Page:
Shu’s guardian that has been hosting him in the prep and recovery periods of his surgery sent us this update. So glad the Lord has placed Mandie in Shu’s life. She writes:
The surgery was successful. They revised a few things in his right eye, removed stitches, assessed for possible rejection, and gave him an injection in that eye to halt the beginnings of rejection that were showing there. His vision was also assessed and it is recommended that he begin wearing +3 lenses in his glasses asap. I’m waiting for an appointment to get these ordered and in the meantime he is wearing big grownup reading glasses for school. They are cumbersome, but he’s a good sport and is tolerating them. His left eye surgery was successful as well. Currently he has a lot of stitches in that eye (16, I think) and they said his vision may be blurry. We are seeing him show much more interest in smaller details of drawing and building with Legos. He can also see distance with his right eye (for example when we are driving, he calls out “red light…stop!” or “Green light…go!” appropriately.
He will have a follow-up appointment next week where we will discuss his next glasses, therapies, and recheck his right eye for overgrown vessels (a sign of rejection). In the meantime, the very best thing we can do for him is let him be a kid. He spends hours each day just playing with my kids and learning social skills, jumping on the trampoline, playing with the dog. Every outing is a sensory learning experience for him. He watches English and Chinese cartoons on the iPad and plays several games specially designed to enhance visual acuity. Because we’re with him every day, it can be hard to realize how much he has grown and changed since May, but when I took him to the hospital for surgery, the Child Life Specialist who worked with him last time broke down in tears multiple times because she said she hardly recognized him. He was a “completely different child”. The nurses and doctors could not believe how much he was talking, expressing needs, showing willingness to reason and try new things. That was really encouraging for me to hear.
He seems to be developing in English and social/developmental skills at about a preschool level currently. His interest is mostly in baby toys and colors/counting/parroting everything we say. That being said, he impresses us daily with his intelligence and willingness to learn. Many of the autism-like behaviors he was exhibiting back in May have completely disappeared and he is slowly gaining more and more appropriate social skills. He has a very strong will and gets angry when he doesn’t get his way, but is also reasonable and has learned how to ask forgiveness and “make things right” when he has conflict with his “siblings”. We’ve noticed that he likes predictability and routine, so he has a set schedule that he follows at home, regular chores and responsibilities that he loves to complete, and likes knowing what to expect as far as where we are going and whether or not we will eat when we get there. 😉
His favorite American foods so far are: bananas, yogurt, bread, and ice cream, but he’s a great eater and never turns down a meal – even when it’s something new. He has shown a great ability to form healthy attachments. So far he has not exhibited good skills at interactively playing with other children, but is good at side-by-side play and every day we’re seeing him desire more and more interaction with peers.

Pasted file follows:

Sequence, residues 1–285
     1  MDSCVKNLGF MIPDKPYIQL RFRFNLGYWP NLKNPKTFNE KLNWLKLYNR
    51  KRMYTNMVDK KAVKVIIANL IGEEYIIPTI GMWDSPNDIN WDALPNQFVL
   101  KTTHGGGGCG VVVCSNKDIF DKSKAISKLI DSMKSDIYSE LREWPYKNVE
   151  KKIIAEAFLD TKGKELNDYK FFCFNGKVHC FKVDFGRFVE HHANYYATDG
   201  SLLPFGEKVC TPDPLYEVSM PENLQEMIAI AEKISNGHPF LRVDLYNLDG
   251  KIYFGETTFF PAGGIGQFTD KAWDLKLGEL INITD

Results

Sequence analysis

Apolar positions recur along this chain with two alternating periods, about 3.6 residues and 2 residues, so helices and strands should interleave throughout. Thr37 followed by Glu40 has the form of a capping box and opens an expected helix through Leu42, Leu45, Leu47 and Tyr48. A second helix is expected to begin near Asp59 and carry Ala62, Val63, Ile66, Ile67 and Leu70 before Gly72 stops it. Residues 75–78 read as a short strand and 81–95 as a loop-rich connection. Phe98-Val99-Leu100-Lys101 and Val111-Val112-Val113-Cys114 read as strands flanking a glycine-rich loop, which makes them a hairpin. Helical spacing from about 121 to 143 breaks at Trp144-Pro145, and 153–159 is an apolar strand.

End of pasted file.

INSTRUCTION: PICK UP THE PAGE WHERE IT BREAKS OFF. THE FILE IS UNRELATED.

Our local public school has been such a gift to our family over the last year. They know us well and when I went to them and explained Shu Wei’s situation and needs, they were thrilled to be able to accommodate him. They have a vision specialist on site who is working with him 4 days/week to give him the skills he will need to function in the vision-impaired world. He will begin learning Braille, which seems very wise. Even though his vision will likely continue to improve over the next several years, the fact that his pupils will never be reactive to light means that his eyes may be at higher risk for vision loss as he ages. Because of these surgeries, he will likely always have more vision than he would have had otherwise, but everyone I’ve consulted (including his prospective adoptive family and their local school for the blind) believes that even highly functioning vision impaired individuals should learn Braille, just as people who can hear/lipread still benefit from learning sign language because it connects them to a community in which they can find like-minded friends with similar experiences. There will also be a mobility specialist coming to the school to help him learn to not only navigate the school functionally, but also to teach him skills such as walking and scanning his environment for obstacles. Right now he only looks down at a 45 degree angle when he walks, so he often bumps into things at eye level, so they’ll work with him on those skills and may even teach him to use a cane – something that could help him navigate very bright outdoor environments where he tends to struggle most, relying on the cane to judge the ground so his eyes can focus on what’s ahead of him at eye level, people’s faces, etc.
He absolutely loves school and drives us crazy all weekend asking to go back to school “tomorrow”. When I asked him what his favorite part of school was, he answered in Chinese, “Teacher and friends.” The school loves him and has really come together to work at record speed to accommodate him quickly. They are excited to see his potential and help him grow and develop while he is here. My hope is that beginning in school while he is here will help even more with his next transition.
Thank you for everything you’re doing for this precious boy. We love him dearly.